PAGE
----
Two stories: one hopeful, one skeptical.
First up, from the NY Times: For the Battle-Scarred, Comfort at Leash’s End. Excerpt:
Just weeks after Chris Goehner, 25, an Iraq war veteran, got a dog, he was able to cut in half the dose of anxiety and sleep medications he took for post-traumatic stress disorder. The night terrors and suicidal thoughts that kept him awake for days on end ceased.Full story and audio slide show here. Photo at top left by Stephen Crowley for The New York Times.
Aaron Ellis, 29, another Iraq veteran with the stress disorder, scrapped his medications entirely soon after getting a dog — and set foot in a grocery store for the first time in three years.
The dogs to whom they credit their improved health are not just pets. Rather, they are psychiatric service dogs specially trained to help traumatized veterans leave the battlefield behind as they reintegrate into society.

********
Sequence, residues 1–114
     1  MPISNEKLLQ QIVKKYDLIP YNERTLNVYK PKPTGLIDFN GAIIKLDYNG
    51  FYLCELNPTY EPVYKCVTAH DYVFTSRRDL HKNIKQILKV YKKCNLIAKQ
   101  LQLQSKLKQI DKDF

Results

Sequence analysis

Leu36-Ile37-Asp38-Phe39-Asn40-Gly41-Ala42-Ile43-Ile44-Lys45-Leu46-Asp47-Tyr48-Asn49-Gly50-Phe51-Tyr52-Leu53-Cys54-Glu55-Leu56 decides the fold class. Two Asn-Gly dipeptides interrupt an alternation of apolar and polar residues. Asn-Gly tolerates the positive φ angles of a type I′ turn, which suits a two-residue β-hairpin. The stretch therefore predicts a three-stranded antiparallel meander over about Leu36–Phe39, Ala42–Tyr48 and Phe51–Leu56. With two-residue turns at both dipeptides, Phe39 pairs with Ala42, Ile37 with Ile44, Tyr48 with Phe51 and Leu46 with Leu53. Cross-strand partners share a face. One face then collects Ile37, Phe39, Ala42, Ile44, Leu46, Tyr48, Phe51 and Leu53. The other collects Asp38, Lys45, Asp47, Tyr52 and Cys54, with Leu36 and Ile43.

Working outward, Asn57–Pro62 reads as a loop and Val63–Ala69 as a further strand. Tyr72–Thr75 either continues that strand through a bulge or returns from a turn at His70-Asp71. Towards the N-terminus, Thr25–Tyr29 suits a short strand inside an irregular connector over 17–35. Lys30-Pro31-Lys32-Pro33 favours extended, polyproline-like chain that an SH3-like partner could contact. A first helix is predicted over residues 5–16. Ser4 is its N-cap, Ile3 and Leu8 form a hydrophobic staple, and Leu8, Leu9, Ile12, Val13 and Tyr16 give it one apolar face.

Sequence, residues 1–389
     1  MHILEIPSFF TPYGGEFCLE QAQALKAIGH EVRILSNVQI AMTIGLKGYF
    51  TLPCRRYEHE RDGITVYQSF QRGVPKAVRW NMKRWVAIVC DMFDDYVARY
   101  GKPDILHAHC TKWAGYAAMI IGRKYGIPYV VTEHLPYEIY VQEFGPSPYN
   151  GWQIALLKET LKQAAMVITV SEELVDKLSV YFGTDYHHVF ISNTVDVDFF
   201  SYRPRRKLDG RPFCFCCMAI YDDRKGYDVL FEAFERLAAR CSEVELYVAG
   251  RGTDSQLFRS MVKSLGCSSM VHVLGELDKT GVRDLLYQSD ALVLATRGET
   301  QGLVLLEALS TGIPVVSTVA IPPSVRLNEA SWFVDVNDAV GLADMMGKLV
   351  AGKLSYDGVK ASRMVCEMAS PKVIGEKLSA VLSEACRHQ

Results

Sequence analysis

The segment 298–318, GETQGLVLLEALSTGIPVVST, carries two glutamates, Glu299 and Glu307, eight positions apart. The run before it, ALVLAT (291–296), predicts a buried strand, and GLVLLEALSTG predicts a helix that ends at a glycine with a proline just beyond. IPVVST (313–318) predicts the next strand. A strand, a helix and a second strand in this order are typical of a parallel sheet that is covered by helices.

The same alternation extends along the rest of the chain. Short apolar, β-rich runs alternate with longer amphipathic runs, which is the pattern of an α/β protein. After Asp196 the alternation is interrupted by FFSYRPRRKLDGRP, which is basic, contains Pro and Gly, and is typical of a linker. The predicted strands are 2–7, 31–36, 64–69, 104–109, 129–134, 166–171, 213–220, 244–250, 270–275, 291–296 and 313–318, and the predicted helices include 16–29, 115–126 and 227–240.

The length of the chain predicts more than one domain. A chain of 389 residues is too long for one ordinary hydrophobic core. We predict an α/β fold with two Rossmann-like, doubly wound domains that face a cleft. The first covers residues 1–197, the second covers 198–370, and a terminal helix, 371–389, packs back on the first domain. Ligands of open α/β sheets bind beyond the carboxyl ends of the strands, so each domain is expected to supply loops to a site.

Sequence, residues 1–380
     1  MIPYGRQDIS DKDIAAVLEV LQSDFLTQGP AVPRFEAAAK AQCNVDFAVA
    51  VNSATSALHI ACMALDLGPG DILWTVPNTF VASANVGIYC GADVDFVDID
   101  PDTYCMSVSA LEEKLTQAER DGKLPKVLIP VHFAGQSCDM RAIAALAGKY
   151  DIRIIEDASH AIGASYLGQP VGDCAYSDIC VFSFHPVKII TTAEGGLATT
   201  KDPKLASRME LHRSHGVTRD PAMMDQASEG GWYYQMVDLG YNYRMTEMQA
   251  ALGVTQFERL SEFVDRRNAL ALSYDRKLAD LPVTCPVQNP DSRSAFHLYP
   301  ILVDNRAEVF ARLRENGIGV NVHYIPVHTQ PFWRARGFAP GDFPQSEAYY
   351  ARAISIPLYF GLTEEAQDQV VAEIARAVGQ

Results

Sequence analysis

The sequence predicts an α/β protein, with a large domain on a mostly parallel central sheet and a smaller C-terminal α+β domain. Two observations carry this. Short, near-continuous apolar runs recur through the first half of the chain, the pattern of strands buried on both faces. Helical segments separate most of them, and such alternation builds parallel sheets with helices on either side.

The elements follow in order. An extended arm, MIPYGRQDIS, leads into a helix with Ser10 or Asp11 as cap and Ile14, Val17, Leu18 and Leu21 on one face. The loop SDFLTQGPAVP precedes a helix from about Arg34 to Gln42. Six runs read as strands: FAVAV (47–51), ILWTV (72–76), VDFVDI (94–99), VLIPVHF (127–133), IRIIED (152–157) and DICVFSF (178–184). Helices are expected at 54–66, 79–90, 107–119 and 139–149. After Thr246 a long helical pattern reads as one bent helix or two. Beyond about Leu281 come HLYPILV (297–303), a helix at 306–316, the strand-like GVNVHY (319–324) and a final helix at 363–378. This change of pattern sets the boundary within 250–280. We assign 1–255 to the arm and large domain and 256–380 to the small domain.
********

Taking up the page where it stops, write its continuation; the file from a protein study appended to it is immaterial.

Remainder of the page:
Because of stories like these, the federal government, not usually at the forefront of alternative medical treatments, is spending several million dollars to study whether scientific research supports anecdotal reports that the dogs might speed recovery from the psychological wounds of the wars in Iraq and Afghanistan.
Next: can dogs follow a six month old track? And if they can't, how is it that two search dogs — a yellow Labrador and a German short-haired pointer —
The handlers, Sarah Platts and Julie R. Jones, partners at Virginia-based VK9 Scent Specific Search and Recovery Unit, say their highly trained dogs possess specialized skills that have made believers of many families and police agencies.The article is online now, and will be on the front page of Monday's print edition of the L.A. Times: Dogged faith in these trackers.
"It's a revelation for some folks," said Platts, 48, adding that her volunteer organization has helped authorities gather evidence on numerous murder and missing-person cases.
Dog handler organizations are skeptical. Their profession, members say, has been undermined over the years by handlers claiming amazing crime-busting abilities who were later exposed as frauds. They say Quincy and Jack's work was an incredible coincidence or a calculated hoax.
Attributing heroic skills to lovable dogs is natural but invites false hope, said Roger Titus, a trainer with the National Police Bloodhound Assn.